- Tort Theories. In addition to contract claims, a discharged employee may claim that the employer committed a tort - conduct that caused the employee to suffer economic injury. This typically takes the form of a "public policy" exception to the employment at will doctrine. Tort theories include defamation, intentional infliction of emotional distress, tortious interference with business relations and loss of consortium.
H. Employers With Government Contracts or Receiving Government Assistance. Employers with federal government contracts or that receive government assistance may have additional obligations, including: (i) adoption of affirmative action programs to advance minorities, women, veterans and disabled individuals, (ii) certification that the employer maintains a drug-free workplace, and (iii) payment of prevailing wages on public construction jobs.
I. Worker Adjustment and Retraining Notification Act (WARN). WARN is a federal law requiring employers to give written notice at least 60 days before a plant closing or mass layoff.
J. Employee Benefits. Federal law primarily governs the administration of employee benefits like pension and profit sharing plans, health plans, and group insurance continuation for discharged employees. There is wide discretion in what benefits are provided to employees, but once provided, the rules try to ensure that they are distributed and maintained fairly. The Family and Medical Leave Act of 1993 allows up to twelve weeks unpaid leave to parents for childbirth or adoption, childcare or a serious health condition of the employee or a spouse, child or parent.
K. Retaliation. Federal and state laws prohibit retaliation against employees for opposing employment practices which they believe in good faith are illegal, filing a discrimination claim, filing a workers' compensation claim, and for reporting certain alleged violations oflaw.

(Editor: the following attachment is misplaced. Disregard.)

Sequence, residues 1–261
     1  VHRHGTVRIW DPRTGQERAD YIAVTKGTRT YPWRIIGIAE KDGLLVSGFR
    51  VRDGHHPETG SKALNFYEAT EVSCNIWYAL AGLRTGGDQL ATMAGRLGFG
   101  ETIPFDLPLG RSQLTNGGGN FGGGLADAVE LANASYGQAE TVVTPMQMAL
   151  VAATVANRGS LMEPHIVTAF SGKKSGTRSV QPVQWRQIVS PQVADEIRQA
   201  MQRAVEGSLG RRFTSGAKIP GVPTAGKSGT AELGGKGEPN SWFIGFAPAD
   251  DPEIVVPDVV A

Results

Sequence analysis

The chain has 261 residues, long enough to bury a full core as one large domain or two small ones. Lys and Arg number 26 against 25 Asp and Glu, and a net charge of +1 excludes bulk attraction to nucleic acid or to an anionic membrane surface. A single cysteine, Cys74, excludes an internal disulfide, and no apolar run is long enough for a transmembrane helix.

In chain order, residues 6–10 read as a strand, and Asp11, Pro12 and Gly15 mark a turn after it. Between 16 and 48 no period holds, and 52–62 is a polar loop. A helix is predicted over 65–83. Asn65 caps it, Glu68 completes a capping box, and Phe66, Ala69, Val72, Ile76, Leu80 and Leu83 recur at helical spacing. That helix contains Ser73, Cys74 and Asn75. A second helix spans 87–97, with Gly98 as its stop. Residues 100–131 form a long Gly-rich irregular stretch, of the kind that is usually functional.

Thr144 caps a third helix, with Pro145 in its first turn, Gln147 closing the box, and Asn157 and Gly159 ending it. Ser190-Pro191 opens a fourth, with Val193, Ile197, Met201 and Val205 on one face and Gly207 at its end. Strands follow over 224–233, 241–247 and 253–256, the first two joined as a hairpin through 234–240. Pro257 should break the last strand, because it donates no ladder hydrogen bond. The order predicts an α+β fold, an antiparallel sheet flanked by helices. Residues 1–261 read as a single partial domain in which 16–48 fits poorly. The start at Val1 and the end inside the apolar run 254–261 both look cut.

For information on federal labor law, see the US Labor Department's website at www.dol.gov.
VI. Immigration Laws
Those planning to start a business in the United States usually want to staff the operation in part with non-U.S. nationals. US immigration laws are complicated and strictly national.
A. Visitor for Business (B-1). A B-1 Business Visitor Visa allows a foreign national to come temporarily to the United States for business purposes. A B-1 visitor may not receive a salary from a U.S. employer and may not work in the United States as an independent consultant or contractor. The B-1 visitor must intend to return to a residence outside the USA, and his or her services must benefit an employer whose place of business is primarily outside the USA.
B. Treaty Trader (E-1). A foreign national may enter the USA temporarily under
a treaty of friendship, commerce and navigation solely to carry on trade, between the USA and the home country. A person who wants a treaty trader visa must work for an organization that is at least 51 % foreign-owned, and the employee must have supervisory or executive duties or have qualifications that make his or her services essential to the enterprise's efficient operation.
C. Treaty investor (E-2). A foreign national may enter the USA if he or she is coming to develop and direct the operations of a project in which he or she has invested a substantial amount of capital. Generally, the foreign national must be coming to develop and direct the operations. Highly trained technical and managerial personnel may receive treaty investor status if they work in management or are highly trained and specifically qualified technicians required in the USA for certain purposes.
D. Intracompany Transferee (L-1). The L-l intracompany transferee visa allows foreign nationals who have worked abroad as executives or managers, or were in positions requiring specialized knowledge, to transfer temporarily to a US company from an affiliate abroad. In most cases, the transferee must have worked abroad continuously for one year before applying for admission to the USA.
E. Specialty Occupation Worker (H-B). Members of specialty occupations coming